Building Better Policies: Making the Most of What the Sciences Teach
March 10, 2016
How can we use knowledge from the social sciences to build more effective social policies? The very vocal evidence-based policy movement has for over a decade been vetting studies and disseminating the results to ensure policy makers have access to study results of the highest quality. But there is still little understanding of how to use this evidence to predict policy outcomes. The usual advice is: restrict yourself to policies that work -- which means policies that have been shown to work somewhere or another -- but note that you may need to make adjustments because 'of course' context matters.
This talk will show just how seriously context matters, and why, illustrating with several international development interventions (like male circumcision to prevent the spread of HIV/AIDs and bed nets to prevent malaria and ease poverty). The lesson is: you can't get general truths by generalizing and you can hardly ever carry 'what works' from one setting to another. Instead you should think in terms of social technology: you must build your policy for your situation, using a tangle of knowledge of theory and past attempts, just like a technologist who is trying to build a new toaster from an array of parts at hand.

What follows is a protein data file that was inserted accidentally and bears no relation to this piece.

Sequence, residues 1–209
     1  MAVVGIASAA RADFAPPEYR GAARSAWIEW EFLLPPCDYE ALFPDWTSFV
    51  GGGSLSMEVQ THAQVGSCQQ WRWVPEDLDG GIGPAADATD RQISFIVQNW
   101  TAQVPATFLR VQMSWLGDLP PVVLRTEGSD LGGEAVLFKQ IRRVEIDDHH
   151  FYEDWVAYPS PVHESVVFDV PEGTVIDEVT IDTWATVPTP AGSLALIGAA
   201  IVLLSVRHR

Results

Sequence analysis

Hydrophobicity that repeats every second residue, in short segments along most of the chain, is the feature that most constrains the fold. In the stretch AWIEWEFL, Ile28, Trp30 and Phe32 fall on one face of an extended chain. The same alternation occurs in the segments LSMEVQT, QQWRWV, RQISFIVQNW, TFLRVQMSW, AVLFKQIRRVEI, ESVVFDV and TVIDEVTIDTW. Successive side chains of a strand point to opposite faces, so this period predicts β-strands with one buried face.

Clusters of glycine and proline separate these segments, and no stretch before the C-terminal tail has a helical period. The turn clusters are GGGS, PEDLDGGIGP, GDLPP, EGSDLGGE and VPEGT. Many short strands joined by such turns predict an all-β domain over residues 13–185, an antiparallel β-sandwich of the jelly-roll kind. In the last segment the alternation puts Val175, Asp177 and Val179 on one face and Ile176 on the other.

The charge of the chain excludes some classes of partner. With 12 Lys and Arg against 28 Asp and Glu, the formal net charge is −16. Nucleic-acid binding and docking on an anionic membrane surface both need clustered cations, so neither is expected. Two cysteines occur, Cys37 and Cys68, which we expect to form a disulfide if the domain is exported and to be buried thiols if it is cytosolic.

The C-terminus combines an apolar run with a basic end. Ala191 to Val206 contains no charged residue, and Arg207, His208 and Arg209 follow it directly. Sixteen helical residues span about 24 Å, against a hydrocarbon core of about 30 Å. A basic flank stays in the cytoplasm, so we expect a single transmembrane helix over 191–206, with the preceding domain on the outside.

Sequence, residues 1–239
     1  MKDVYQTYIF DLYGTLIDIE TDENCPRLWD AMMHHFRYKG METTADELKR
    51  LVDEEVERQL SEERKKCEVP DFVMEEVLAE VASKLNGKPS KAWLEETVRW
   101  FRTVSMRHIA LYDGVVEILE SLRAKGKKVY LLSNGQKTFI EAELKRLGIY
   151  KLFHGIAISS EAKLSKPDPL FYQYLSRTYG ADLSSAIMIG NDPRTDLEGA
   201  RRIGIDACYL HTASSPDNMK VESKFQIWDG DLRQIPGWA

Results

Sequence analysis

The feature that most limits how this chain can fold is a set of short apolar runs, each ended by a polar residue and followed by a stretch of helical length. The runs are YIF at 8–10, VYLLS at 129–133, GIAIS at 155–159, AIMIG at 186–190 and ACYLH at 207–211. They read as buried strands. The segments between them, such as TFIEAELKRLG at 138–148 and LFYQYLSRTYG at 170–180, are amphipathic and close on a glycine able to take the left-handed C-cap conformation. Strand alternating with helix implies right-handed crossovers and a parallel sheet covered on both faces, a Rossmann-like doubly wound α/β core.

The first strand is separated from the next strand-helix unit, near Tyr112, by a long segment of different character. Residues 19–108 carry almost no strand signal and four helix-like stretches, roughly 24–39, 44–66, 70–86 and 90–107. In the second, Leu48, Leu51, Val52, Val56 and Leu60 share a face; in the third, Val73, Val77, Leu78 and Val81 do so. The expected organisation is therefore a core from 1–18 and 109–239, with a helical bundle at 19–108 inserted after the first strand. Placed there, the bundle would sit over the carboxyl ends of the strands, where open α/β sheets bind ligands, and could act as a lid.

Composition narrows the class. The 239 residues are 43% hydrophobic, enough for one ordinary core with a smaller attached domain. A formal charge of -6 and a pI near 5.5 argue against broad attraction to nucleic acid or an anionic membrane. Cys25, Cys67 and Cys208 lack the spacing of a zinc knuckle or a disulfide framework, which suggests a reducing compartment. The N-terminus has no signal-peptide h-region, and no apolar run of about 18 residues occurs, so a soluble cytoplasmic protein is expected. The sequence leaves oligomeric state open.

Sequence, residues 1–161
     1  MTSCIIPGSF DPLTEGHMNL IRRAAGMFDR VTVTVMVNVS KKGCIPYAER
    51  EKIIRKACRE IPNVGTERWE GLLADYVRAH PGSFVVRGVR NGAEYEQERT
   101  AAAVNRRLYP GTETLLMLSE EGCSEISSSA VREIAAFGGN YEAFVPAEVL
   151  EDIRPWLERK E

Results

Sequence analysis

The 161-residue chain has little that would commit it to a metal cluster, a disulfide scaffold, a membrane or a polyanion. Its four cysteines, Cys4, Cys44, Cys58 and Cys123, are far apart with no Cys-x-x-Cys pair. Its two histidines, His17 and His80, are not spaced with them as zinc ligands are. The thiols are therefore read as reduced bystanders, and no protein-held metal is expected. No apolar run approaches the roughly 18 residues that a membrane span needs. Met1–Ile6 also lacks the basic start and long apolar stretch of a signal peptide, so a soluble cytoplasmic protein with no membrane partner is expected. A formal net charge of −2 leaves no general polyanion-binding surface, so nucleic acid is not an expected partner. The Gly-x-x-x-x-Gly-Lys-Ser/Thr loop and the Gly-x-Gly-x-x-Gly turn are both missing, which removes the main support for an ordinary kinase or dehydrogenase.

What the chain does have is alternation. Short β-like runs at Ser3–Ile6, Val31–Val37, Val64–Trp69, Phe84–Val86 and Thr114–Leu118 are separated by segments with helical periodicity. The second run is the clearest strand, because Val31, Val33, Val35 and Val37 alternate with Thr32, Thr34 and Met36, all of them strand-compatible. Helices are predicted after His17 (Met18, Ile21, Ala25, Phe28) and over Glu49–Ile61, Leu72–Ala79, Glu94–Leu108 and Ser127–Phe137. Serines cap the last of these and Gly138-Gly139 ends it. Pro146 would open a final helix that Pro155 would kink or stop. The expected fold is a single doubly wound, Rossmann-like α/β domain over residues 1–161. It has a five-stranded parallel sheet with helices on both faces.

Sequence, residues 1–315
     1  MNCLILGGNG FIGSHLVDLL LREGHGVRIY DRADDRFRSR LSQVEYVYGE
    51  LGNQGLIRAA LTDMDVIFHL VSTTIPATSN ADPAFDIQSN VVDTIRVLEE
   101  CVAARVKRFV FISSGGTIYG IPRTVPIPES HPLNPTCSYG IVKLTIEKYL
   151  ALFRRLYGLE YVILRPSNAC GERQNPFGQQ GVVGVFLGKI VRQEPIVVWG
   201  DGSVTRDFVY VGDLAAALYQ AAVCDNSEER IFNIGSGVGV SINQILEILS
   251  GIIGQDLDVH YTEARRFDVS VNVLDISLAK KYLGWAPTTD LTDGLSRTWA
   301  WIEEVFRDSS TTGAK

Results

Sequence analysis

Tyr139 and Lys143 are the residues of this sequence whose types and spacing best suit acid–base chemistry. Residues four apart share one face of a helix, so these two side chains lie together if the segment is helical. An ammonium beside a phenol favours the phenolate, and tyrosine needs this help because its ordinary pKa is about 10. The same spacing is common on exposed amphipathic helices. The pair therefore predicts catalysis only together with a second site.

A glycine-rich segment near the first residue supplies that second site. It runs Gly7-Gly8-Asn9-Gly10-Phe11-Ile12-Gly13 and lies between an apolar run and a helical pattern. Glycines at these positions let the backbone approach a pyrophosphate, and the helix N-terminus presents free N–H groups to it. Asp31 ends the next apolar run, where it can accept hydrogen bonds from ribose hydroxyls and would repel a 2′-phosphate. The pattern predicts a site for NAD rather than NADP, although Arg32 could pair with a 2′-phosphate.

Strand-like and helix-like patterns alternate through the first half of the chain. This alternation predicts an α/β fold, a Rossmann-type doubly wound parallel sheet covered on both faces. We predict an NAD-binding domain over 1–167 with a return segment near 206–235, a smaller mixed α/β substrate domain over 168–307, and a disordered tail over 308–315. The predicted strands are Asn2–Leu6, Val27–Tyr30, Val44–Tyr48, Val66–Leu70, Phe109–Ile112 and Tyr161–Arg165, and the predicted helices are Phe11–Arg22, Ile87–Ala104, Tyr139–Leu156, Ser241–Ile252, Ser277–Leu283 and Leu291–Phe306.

Nancy Cartwright is one of the foremost philosophers of science in the world, and is the distinguished author and/or editor of over a dozen volumes including How the Laws of Physics Lie (Oxford University Press), Nature's Capacities and their Measurement (Oxford University Press), and The Dappled World: A Study of the Boundaries of Science (Cambridge University Press). She is Professor of Philosophy at the University of Durham and University of California, San Diego, and is also a Fellow of the British Academy, a member of the American Philosophical Society, the American Academy of Arts and Sciences, the German Academy of Sciences (Leopoldina), and a recipient of a MacArthur Fellowship.